Why Independent Living
Is Perfect for Gen X
Gen Xers watched MTV for the 24-hour music videos, loved John Hughes movies, and listened to Hootie & The Blowfish cassettes on their Walkmans.
Now, MTV is home to shows like Jersey Shore, Molly Ringwald is old enough to be an AARP member, and Hootie’s a country singer, with songs that stream to Gen Xers’ smartphones on Spotify.
The world Gen X grew up in has certainly changed. And so have they, especially financially: Though they suffered losses during the Great Recession, Gen Xers are the only generation to recover the wealth they lost, with the median net worth of Gen X households rising 115%.
Though Gen Xers may still have less overall household wealth than baby boomers, many people in Generation X are still in some of their prime earning years. Gen X as a whole has also increased its home equity and doubled its assets. In fact, Gen Xers are set to overtake the boomers as the nation’s wealthiest generation.
Now, this group is starting to turn its collective attention to retirement and their retirement lifestyle — and what it could look like for America’s 65.2 million Gen Xers, who the Pew Research Center says will outnumber baby boomers by 2028.
What are Gen X’s plans for retiring?
The people defined as Generation X — those born between 1965 and 1980 — look at retirement differently, and are looking for different things from their retirement lifestyles, than their baby boomer predecessors. Many Gen Xers say retirement means “freedom” but also “financial insecurity.”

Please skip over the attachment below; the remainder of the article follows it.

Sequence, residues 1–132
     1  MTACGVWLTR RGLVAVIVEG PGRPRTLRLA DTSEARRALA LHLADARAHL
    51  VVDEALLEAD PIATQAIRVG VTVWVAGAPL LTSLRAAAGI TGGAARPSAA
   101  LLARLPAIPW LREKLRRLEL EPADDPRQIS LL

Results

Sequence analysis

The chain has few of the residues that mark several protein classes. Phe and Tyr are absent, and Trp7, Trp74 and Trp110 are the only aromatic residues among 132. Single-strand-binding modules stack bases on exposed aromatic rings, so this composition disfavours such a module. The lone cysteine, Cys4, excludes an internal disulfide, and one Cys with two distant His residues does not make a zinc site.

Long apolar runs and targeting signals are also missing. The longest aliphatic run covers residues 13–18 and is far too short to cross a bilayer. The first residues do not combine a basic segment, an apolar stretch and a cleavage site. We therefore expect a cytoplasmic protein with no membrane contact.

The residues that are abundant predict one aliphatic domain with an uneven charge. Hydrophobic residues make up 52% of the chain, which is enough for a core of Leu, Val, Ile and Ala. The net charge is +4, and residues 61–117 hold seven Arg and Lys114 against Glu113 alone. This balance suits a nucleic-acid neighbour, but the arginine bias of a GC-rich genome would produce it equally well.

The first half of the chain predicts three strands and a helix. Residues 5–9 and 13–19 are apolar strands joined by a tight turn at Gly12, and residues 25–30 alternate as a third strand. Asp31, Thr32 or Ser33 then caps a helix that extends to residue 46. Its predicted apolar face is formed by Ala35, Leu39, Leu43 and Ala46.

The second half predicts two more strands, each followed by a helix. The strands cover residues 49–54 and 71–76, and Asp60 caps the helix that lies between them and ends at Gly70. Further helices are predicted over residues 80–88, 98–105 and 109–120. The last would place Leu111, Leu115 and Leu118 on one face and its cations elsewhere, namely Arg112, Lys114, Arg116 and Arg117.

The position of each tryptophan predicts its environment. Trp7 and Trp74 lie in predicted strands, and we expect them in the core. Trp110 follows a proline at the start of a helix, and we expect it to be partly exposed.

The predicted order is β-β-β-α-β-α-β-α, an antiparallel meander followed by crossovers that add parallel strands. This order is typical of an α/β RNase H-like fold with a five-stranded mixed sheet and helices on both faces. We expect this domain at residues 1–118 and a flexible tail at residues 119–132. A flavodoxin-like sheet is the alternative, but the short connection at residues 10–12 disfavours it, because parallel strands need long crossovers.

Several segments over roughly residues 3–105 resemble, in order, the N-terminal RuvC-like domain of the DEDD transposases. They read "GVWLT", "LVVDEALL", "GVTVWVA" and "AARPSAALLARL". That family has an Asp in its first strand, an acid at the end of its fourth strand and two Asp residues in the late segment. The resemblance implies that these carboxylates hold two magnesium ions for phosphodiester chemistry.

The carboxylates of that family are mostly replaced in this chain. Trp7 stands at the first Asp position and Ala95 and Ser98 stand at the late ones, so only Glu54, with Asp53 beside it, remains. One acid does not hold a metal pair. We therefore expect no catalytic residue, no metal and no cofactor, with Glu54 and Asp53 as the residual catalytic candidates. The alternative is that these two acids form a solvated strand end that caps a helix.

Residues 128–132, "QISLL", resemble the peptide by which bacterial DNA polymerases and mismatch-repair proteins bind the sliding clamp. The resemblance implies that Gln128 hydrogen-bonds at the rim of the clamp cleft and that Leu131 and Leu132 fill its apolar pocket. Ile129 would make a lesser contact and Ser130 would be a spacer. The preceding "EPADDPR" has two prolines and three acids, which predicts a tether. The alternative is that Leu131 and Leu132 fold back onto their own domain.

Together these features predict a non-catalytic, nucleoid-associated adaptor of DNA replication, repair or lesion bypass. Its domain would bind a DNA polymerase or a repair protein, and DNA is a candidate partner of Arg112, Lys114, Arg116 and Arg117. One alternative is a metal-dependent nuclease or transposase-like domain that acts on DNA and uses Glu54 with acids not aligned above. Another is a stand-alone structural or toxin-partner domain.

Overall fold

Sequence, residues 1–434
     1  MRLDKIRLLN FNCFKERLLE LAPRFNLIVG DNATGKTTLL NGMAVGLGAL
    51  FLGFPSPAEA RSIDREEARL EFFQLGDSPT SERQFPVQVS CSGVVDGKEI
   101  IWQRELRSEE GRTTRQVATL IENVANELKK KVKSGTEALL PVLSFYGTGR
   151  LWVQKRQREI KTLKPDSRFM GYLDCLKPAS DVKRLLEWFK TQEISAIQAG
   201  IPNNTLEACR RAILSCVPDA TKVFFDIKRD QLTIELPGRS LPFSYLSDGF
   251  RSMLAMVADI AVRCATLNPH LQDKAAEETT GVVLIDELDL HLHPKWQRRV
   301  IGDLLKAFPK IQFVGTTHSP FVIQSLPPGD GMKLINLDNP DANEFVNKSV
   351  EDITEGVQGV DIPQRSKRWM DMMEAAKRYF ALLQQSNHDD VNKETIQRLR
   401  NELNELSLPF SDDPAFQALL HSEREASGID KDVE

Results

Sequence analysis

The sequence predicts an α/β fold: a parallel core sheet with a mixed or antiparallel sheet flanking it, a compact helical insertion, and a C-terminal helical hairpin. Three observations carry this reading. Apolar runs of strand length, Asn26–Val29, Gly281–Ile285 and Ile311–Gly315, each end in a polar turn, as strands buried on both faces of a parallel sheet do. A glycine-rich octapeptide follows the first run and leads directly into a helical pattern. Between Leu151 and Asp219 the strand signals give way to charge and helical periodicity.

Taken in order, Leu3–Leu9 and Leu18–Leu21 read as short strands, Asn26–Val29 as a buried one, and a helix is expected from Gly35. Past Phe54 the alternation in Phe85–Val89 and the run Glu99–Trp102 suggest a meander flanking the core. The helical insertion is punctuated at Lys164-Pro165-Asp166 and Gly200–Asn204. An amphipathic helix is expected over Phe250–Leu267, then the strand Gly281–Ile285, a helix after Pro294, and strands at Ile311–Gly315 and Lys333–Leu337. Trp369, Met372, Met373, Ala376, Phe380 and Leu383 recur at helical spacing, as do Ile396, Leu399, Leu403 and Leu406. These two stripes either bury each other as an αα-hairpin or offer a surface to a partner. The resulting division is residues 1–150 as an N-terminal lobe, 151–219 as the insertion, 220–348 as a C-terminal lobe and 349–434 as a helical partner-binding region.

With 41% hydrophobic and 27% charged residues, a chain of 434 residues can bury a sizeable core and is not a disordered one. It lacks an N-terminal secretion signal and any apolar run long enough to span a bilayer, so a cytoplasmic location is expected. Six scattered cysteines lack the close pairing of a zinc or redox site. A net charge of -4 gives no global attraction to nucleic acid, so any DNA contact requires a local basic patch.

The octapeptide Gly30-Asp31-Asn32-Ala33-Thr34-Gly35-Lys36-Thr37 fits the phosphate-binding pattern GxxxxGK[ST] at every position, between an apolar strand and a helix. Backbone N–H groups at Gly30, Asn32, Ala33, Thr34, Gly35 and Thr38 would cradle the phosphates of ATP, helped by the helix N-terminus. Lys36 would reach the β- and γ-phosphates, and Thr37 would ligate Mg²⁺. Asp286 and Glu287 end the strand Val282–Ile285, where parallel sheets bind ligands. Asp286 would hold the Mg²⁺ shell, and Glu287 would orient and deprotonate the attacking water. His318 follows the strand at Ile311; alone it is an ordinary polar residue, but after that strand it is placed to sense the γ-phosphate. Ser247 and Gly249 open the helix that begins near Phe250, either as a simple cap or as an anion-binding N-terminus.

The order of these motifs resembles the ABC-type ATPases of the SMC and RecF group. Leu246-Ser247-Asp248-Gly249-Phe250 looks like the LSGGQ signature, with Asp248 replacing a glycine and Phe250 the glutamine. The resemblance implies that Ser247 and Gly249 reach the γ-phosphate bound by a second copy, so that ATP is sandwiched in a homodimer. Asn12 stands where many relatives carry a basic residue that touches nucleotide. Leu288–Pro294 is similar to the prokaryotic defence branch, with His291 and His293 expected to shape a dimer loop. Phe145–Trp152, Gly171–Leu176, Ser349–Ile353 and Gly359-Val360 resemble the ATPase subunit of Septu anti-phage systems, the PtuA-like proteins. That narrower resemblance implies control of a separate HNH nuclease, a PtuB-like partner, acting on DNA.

A 2019 study conducted by the Transamerica Center for Retirement Studies surveyed more than 5,000 workers who were not self-employed. The survey included roughly 1,500 baby boomers and Gen Xers, and about 2,100 millennials. Responses were intriguing:
- 81% of Gen X respondents feel they’ll have a more difficult time achieving financial security than their baby boomer parents.
- About 55% of Gen Xers plan to work past 65; 83% of those respondents said it would be because of financial reasons.
- In regard to deciding where to live in retirement, 73% said affordability was the most important criterion.
- 76% are either very concerned or somewhat concerned about their health in older age.
- 28% have been or are currently caregivers during the course of their careers.
So what do Gen Xers hope for in retirement, considering they think retirement holds both freedom and financial concerns?
They want to be on the move. An AARP Travel Trends study, released in 2019, revealed a majority of Gen Xers planned to spend their 2020 visiting family, getting away from everyday life, and relaxing and rejuvenating. These three reasons were their top motivators for travel, mirroring the order of motivators for baby boomers.
Of course, we all know what happened in 2020. But assuming these Gen X responses reflect what Gen Xers plan to do in retirement, travel in general is still tops on the list.
That suggests that Gen Xers would want the freedom to lock and leave their homes for long stretches of time as they travel — a freedom that independent living at senior living communities offer.
They want balance and flexibility. Nine out of 10 Gen Xers surveyed by Ameriprise said they think their retirement wouldn’t fit the traditional mold. Though they plan to work longer than baby boomers, they expect their retirement work to be more flexible, fulfilling and rewarding. And they want their work to provide them with more purpose and opportunities for social interaction.